Impulse
A force acts for such a small time interval that we measure the effect of the force, called impulse. Impulse is measured by taking the product of the average force applied and the time interval for which the force is applied.
\begin{align*} \therefore \text {Impulse} &= F_{avg} \times \Delta t \\ \text {According to Newton’s law of motion, force} \\ F &= \frac {dp}{dt} \\ \text {or,} Fdt &= dp \\ \text {Integrating both the sides with the limit} \\ \int _0^t fdt &= \int _{p_1}^{p_2} dp = p_1 – p_2 \\ \text {where} p_2 \text {and} p_1 \text {are initial and final momentum.} \\ \therefore \text {Impulse} &= p_2 – p_1 \\ \end{align*}
So, impulse of a force is measured by the change in linear momentum produced by the force.
Application of the Impulse
- While catching a cricket ball, the player lowers his hand to increase the time of impact. As F × t = change in momentum, greater the time of impact smaller is the force and vice-versa. However, the change in momentum or impulse is the same in both cases.
- China wares, glass wares etc are wrapped in straw or paper before packing them. It is because due to the collision, it will take the longer time to reach the impact through straw or paper and small chances of breaking take place.
- When a person falls on a cemented floor from a height, the person comes to rest in a short time. So he will get more injury. But if he jumps on a sand floor, he will not get many injuries.
Application of Newton’s Laws of Motion
Problem of Masses and pulley
Let us consider light mass m and heavy mass M are connected to two free ends of an inextensible string which pass over a smooth pulley. Let T be the tension in the string. The mass n and M move upwards and downwards respectively with an acceleration a.
Equation of Motion of Mass M
Resultant downward force acting on mass M is given by
\begin{align*} F &= Mg – T \\ \text {Since}\: F &= Ma, \\ Ma &= Mg – T \dots (i) \\ \end{align*}
Equation of Motion of Mass m
Resultant upward force acting on mass m is given by
\begin{align*} F &= T - Mg \\ \text {Since}, \: F &= Ma, \\ Ma &=T - Mg \dots (ii) \\ \text {adding equations} (i) and (ii), \text {we get} \\ (M + m) a &= (M – m) g \\ \text{or,} a &= \left (\frac {M – m}{M + m} \right )g \dots (iii) \\ \text {Putting the value of ‘a’ in equations (i), we get} M\left (\frac {M – m}{M + m} \right )g &= Mg – T \\ \text {or,} \: T &= \left (\frac {2Mm }{M + m} \right )g\dots(iv) \end{align*}
Apparent Weight of a Person in a Lift
When a man stands on a weighing machine in a lift as shown in the figure, the weight of mass acts downwards while the machine offers a reaction R upward given by reading of the machine. But if the man and the weighing machine both are in motion, the machine shows the apparent weight which will be different than the actual weight.
- When the lift is at rest.
Suppose a man of mass m standing on a lift at rest. Let R is the reaction of the man given by weighing machine. As acceleration is zero, the net force is zero.
\begin{align*} R – mg &= 0 \\ \text {or,} \: R &= mg \\ \end{align*}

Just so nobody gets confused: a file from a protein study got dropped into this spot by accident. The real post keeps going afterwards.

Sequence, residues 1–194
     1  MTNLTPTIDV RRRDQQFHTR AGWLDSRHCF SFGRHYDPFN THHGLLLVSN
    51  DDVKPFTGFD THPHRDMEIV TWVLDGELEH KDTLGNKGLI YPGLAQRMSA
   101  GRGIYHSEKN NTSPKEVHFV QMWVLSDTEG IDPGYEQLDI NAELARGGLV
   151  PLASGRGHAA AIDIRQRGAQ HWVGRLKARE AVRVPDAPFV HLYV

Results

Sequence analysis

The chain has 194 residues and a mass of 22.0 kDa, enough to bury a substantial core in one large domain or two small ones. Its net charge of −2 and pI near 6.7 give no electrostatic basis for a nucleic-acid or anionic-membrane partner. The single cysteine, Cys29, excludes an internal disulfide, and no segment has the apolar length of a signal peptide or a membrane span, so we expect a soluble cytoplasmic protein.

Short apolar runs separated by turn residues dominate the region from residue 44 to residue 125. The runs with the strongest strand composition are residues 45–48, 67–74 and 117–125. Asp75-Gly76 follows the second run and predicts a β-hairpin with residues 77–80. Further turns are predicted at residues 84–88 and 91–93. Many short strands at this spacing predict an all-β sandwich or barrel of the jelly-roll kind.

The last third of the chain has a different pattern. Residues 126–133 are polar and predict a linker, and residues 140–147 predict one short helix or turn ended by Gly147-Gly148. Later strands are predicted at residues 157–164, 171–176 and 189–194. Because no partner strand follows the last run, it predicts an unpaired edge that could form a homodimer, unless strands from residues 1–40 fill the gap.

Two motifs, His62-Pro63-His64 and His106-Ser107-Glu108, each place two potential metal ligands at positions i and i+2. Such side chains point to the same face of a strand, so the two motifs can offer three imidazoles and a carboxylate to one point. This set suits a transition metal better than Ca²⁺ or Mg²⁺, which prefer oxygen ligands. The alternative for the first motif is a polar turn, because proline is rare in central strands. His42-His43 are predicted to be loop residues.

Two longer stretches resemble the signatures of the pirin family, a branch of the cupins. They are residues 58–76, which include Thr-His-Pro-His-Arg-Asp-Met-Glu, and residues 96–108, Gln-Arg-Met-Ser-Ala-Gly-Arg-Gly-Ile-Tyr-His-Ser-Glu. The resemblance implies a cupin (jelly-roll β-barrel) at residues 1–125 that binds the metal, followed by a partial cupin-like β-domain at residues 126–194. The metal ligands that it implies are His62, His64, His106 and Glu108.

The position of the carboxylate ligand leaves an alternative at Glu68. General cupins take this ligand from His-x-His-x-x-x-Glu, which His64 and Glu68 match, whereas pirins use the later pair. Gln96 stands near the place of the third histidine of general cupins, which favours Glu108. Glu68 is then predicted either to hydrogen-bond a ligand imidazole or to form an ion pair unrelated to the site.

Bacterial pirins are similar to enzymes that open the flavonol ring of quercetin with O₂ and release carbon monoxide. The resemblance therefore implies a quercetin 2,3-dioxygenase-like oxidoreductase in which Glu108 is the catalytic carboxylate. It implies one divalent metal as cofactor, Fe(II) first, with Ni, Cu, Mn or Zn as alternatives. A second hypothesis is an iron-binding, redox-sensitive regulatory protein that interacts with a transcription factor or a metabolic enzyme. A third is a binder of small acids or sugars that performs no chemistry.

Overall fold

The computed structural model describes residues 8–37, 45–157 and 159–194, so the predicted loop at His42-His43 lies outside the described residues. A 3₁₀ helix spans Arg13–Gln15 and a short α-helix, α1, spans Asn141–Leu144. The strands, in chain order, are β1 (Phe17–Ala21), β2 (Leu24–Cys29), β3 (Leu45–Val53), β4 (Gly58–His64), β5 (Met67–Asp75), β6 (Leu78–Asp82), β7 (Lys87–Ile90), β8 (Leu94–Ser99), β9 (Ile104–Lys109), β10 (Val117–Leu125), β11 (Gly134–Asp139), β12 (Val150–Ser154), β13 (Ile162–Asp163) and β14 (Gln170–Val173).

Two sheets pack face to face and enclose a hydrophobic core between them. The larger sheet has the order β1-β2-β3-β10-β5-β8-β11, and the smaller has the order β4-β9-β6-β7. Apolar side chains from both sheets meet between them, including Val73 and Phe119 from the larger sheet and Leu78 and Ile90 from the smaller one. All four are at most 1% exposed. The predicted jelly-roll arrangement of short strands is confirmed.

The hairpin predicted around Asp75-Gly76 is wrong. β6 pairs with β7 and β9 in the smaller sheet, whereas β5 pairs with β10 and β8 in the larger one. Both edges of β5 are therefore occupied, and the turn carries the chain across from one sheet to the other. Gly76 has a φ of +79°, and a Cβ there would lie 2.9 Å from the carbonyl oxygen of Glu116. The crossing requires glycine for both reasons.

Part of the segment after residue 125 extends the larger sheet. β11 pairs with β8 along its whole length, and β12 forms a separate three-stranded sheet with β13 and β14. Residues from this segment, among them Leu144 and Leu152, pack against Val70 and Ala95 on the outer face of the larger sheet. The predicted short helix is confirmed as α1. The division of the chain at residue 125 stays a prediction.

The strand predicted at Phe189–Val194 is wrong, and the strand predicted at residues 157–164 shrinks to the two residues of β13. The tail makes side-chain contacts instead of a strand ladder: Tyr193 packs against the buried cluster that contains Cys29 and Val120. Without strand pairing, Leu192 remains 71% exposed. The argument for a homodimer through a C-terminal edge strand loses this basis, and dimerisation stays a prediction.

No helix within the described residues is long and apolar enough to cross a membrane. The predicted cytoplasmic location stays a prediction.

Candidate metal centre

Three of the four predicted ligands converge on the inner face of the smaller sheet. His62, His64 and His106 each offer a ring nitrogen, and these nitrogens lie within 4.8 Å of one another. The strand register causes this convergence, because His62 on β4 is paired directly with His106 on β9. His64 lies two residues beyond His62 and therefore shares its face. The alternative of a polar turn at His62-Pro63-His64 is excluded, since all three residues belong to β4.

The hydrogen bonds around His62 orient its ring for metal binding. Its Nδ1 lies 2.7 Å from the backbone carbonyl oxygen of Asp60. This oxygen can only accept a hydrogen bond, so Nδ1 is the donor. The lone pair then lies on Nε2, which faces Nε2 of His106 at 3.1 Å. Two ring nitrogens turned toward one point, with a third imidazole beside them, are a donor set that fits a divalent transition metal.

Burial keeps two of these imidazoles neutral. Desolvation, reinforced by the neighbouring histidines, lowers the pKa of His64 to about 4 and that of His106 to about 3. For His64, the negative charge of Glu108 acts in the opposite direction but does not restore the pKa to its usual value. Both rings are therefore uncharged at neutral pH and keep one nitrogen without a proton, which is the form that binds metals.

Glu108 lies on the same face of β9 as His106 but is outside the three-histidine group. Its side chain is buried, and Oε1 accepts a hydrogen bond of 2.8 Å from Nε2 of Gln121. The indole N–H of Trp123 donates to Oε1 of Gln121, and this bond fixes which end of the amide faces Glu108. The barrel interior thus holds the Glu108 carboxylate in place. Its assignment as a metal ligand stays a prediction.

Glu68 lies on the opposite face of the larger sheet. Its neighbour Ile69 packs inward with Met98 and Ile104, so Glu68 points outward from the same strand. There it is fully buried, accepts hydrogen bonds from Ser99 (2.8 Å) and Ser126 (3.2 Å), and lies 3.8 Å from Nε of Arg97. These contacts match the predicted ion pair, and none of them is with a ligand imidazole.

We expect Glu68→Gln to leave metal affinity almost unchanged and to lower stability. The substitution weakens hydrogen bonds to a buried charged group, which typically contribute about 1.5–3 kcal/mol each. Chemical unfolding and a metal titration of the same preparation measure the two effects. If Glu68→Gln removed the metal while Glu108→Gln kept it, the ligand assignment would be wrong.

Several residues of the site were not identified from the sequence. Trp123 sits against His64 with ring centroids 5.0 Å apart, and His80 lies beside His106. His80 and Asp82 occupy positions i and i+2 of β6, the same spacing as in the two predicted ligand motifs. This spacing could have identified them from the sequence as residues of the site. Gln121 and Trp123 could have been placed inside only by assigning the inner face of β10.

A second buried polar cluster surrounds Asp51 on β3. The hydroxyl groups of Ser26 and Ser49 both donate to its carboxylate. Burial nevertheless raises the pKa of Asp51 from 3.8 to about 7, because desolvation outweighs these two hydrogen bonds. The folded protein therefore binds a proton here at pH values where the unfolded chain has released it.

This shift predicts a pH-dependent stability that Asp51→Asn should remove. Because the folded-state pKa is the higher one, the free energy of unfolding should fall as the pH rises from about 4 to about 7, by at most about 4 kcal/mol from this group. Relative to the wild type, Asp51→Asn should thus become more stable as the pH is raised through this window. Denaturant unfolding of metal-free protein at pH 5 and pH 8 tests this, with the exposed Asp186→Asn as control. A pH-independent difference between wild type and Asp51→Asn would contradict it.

So, apparent weight is equal to the actual weight of the man. - When the lift is moving with uniform speed upward or downward.
As acceleration, a = 0 and net force = 0
\begin{align*} R – mg &= 0 \\ \text {or,} \: R &= mg \\ \end{align*}
So, apparent weight is equal to the actual weight of the man. - When the lift is accelerating upward.
Let the lift is accelerating with uniform acceleration in a in upward direction. The weight of man is acting downward and reaction of the man on the floor is in upward direction. Then,
\begin{align*} F &= R – mg \: \text {or} \: ma = R –mg \\ \text{or,} R &= mg + ma = m(g + a) \\ \text {So normal reaction,} \\ R &= mg + ma \\ \end{align*}
This machine shows more reading than the real weight of the man. - When the lifting is accelerating downward.
Let ‘a’ be the downward acceleration of the lift. As the floor is slipping downward, the net force is given by
\begin{align*} F &= mg – R \\ \text {or,} \: ma &= mg – R \\ \text {or,} \: R &= mg – ma = m(g-a) \\ \end{align*}
The reaction of the floor is smaller than the real weight of the man. - Free fall of the lift.
In free fall, acceleration of the body a = g. So, from the second law of motion, the net force acting on the man is
\begin{align*} F &= mg – R \\ \text {or,} \: ma &= mg – R \\ \text {or,} \: R &= mg – mg = m(g-g) = 0 \\ \end{align*}
So, we feel weightlessness. - When downward acceleration is greater than g.
For acceleration, a>g, from the relation R = mg – ma, R will be negative, and man appears to move in upward direction. The man will stick on the ceiling of the lift.
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simon khrl
I have a numerical question ; a bullet moving at the rate of 75 m/s is fired into a trunk of wood into which it peanut rates 25 cm . if a bullet moving with the same velocity were fired into a similar piece of wood 10 cm thick, with what velocity would it emerge , assuming the resistance to be uniform ?
Mar 23, 2017
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